Film Courage: What do you think makes a great director?
Bruce Logan, Writer/Director/Cinematographer: Well for the longest time I was trying to discern what that was because if you go on the kind of sets I like where you see everybody working and you know the AD is shouting out all of the instructions and doing this and that and the whole movie is really taking place in the director’s head.
For me to go on set and see what the director’s process is is almost impossible because if he has done his job right and he’s cast the actors and he has cast the crew and when he gets to the set except for like steering the ship (a little bit this way, a little bit that way) there shouldn’t really be anything for him to do. He should be able to sit back and let all of these building blocks that he’s put together come before that camera that day to let that happen.
Now there are a lot of directors where that is not their style. Also I always seem to get myself involved in projects that I don’t have enough time for and then I have to be very proactive and Okay the camera is coming here. On those kind of movies you can tell who the real director is. But my impression for going on set with some of the great directors is you can’t really see what their process is. It’s really hard to know what people’s process is except for by the quality of their product.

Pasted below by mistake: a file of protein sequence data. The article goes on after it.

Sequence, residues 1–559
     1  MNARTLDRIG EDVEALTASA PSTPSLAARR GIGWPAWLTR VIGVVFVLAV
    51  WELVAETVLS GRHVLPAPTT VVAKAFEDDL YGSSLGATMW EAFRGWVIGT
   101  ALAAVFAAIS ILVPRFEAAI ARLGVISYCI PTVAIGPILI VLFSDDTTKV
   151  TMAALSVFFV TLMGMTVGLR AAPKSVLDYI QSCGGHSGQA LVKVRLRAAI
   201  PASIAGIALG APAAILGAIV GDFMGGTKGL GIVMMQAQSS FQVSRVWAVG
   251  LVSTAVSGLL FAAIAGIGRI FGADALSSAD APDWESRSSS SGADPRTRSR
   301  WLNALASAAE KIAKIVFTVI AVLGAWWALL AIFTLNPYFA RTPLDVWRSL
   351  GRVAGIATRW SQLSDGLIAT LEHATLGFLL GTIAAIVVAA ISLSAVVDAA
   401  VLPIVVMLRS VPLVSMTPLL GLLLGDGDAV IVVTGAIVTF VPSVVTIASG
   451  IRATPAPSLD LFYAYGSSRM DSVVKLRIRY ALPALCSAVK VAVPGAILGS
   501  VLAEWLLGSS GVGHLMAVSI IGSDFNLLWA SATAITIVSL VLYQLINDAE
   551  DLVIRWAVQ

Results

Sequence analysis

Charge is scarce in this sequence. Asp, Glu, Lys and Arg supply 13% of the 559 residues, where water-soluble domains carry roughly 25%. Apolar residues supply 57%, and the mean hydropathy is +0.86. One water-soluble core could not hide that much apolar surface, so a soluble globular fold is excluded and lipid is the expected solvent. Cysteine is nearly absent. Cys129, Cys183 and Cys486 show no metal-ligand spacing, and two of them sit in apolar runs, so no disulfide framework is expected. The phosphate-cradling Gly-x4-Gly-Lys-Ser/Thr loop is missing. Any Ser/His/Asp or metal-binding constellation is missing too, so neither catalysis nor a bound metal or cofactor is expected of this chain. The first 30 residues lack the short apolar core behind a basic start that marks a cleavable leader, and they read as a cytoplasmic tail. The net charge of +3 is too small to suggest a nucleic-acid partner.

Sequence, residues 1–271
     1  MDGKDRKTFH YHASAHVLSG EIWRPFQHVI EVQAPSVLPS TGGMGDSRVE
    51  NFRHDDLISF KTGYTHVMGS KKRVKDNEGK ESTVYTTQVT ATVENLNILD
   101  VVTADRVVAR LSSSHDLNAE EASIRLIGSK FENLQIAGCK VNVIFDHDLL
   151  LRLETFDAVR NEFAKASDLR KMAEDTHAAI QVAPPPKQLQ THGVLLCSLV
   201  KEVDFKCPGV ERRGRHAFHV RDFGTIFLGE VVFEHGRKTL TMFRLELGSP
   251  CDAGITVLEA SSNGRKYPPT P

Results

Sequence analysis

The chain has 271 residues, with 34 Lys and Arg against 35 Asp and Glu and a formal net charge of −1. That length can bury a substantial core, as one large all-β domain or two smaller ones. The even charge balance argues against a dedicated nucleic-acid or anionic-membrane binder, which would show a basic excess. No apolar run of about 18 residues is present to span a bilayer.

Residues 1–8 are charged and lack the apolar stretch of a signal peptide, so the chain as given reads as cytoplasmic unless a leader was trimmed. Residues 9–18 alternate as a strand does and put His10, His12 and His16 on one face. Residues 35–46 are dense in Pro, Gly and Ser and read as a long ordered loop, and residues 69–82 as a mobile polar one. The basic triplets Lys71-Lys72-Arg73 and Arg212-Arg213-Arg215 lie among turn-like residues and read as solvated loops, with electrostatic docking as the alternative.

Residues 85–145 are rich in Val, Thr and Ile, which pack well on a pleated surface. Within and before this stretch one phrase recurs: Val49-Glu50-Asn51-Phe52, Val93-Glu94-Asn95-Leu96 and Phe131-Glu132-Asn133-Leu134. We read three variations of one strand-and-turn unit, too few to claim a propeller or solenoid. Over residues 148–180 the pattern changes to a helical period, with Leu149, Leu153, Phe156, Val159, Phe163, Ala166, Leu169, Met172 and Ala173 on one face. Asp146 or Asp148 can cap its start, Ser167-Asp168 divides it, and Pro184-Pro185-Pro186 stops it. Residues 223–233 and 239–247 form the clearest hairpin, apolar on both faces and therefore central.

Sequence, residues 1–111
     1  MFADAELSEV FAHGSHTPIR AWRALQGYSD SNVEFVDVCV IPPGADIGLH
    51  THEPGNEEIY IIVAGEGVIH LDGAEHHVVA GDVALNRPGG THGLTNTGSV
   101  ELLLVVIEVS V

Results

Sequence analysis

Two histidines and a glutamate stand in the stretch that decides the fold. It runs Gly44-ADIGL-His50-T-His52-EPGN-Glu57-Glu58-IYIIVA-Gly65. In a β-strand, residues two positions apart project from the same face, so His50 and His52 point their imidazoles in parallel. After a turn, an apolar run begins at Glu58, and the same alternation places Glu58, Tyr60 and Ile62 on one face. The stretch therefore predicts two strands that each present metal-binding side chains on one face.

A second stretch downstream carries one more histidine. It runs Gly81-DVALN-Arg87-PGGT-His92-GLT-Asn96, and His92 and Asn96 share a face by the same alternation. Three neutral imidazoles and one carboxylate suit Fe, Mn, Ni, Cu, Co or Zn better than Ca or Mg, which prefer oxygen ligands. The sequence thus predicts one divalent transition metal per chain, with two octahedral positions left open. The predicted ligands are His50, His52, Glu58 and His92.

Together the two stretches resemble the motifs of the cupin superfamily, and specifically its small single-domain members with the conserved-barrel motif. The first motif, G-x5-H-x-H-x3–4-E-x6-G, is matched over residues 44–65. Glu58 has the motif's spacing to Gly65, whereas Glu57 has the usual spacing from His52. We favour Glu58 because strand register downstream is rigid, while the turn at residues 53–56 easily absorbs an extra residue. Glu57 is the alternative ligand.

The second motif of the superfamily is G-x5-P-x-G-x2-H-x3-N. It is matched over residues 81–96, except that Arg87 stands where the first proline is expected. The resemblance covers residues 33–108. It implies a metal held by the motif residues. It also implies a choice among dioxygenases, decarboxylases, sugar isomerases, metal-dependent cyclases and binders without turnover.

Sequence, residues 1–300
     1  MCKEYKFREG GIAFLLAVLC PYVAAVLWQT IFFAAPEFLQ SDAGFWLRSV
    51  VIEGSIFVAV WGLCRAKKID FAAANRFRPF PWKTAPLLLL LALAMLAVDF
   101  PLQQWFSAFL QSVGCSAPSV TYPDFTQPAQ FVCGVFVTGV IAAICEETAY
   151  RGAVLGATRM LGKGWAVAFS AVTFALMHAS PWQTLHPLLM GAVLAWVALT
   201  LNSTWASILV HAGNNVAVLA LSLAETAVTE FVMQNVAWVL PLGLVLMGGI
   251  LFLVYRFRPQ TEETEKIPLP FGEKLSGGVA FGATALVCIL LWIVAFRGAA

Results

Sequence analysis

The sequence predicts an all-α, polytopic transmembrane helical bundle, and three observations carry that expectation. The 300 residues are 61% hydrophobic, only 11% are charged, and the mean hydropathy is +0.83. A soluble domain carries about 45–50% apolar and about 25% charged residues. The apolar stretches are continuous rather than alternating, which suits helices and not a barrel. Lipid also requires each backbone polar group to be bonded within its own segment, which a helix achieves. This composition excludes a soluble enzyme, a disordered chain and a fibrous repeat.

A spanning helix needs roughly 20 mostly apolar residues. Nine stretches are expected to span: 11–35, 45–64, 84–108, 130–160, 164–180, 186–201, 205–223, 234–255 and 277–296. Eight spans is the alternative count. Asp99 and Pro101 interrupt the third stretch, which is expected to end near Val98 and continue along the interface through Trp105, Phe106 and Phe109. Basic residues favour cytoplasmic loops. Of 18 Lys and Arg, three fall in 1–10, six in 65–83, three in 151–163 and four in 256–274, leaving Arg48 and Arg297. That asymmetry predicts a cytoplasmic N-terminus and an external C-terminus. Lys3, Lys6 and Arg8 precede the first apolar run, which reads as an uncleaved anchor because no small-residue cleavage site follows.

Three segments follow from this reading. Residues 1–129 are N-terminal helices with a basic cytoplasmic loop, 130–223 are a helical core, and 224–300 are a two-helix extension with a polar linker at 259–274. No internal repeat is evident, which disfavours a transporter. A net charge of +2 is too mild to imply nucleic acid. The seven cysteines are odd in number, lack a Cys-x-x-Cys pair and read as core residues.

Film Courage: What do you think of the cliché that some directors are afraid of actors? Is this true? Or do you think some people operate better being removed and letting them do their thing giving the appearance of fear?
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In Jason Innocent’s independent documentary film Masculinity he interviews both men and women as they give their thoughts on assumptions, and pressures of being a man. Masculinity covers what it means to be a man today, female masculinity, toxic masculinity, and the pressures of society on the definition of manliness.